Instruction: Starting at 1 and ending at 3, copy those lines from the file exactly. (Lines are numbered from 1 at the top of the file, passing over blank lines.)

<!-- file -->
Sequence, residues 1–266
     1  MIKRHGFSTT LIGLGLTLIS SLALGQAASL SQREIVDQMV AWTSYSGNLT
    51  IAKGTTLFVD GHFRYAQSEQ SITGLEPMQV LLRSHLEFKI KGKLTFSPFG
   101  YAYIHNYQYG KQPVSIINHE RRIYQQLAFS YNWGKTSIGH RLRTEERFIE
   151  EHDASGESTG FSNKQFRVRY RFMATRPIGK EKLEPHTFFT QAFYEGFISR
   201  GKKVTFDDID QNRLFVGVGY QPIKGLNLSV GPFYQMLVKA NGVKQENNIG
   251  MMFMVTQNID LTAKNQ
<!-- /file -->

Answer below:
Sequence, residues 1–266
     1  MIKRHGFSTT LIGLGLTLIS SLALGQAASL SQREIVDQMV AWTSYSGNLT
    51  IAKGTTLFVD GHFRYAQSEQ SITGLEPMQV LLRSHLEFKI KGKLTFSPFG